At Samphire Beach, a Japanese woman stands in front of Dover's white cliffs. It is 10 past seven on a Tuesday morning. Most people will be having breakfast or getting ready for a day at the office. Miyuki Fijita is swimming to France.
Through my aircraft window, the river resembled a snaking green lava flow. A couple of days later Iâ€™m swimming in it, a wetsuit protecting me from the 13C chill.
That there were once 300 of these quasi-socialist experiments in public leisure, and that there remain fewer than a hundred, reveals much about how our municipal culture has changed.
It is hard to list all the adversaries that the American long-distance swimmer Lynne Cox has overcome. In the past 30 years, this real-life mermaid has battled sharks, icebergs, the KGB and the FBI, eight-foot waves, ten-knot currents and impenetrable fog.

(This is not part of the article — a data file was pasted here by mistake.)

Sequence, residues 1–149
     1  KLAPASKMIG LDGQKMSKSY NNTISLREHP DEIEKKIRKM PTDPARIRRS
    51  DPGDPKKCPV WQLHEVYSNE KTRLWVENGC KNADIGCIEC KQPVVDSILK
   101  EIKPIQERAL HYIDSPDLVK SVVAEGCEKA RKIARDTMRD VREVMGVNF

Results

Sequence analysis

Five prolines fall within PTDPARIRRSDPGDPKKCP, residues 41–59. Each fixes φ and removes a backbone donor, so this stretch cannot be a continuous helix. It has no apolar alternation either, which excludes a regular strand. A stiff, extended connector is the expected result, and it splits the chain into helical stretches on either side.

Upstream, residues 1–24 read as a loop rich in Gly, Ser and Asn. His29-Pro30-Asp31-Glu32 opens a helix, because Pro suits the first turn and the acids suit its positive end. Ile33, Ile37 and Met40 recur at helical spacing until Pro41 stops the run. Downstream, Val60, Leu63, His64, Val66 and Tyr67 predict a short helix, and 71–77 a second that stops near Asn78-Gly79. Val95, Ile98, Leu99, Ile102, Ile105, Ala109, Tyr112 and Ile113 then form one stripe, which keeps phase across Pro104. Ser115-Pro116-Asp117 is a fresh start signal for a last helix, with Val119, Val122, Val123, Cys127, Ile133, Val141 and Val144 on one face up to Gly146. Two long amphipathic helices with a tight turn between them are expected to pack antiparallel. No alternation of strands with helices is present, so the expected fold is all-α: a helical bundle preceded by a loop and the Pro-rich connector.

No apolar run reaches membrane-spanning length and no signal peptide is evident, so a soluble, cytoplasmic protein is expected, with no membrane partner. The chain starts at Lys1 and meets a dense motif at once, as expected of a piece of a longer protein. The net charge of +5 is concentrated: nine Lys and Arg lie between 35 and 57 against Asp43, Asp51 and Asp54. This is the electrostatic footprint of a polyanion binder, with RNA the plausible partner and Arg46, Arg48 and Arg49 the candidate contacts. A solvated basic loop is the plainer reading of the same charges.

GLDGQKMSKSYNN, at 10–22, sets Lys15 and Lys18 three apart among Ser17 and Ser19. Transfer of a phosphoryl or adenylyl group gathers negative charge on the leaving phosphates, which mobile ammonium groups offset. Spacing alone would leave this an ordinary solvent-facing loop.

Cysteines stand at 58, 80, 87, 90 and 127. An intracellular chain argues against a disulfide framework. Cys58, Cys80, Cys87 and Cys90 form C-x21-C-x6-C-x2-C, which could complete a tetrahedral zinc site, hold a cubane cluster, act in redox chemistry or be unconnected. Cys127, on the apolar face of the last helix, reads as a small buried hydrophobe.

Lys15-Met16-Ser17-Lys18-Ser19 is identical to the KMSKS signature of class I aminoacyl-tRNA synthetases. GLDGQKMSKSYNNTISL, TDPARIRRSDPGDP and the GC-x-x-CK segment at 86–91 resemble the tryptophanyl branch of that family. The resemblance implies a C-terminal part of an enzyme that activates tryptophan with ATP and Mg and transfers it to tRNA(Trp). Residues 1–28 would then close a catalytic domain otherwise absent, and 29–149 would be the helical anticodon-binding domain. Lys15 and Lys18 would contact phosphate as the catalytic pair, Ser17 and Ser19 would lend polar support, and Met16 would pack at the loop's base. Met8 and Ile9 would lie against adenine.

Two new books with almost identical titles illustrate the rise of a new literary phenomenon - the wild swimming tome.
In the haze of rubbed out chalk I can just make out: "Today's temperature 12C, 53F". The atmosphere is Dunkirkian among the old campaigners, some of whom are in their eighties.
The indoor pool was a child of the industrial revolution: mass construction began only after the Baths and Wash Houses Act of 1846.
It takes 114 strokes of front crawl to swim from one end to the other.
Columnist Matthew Parris has been called "ignorant" and his actions "dangerous" after swimming across London's River Thames. But up and down the country, people are dipping a toe in the trend for outdoor swimming.
I am swimming in the middle of the strait dividing Europe from Asia Minor and I sense most of us are not going to make it.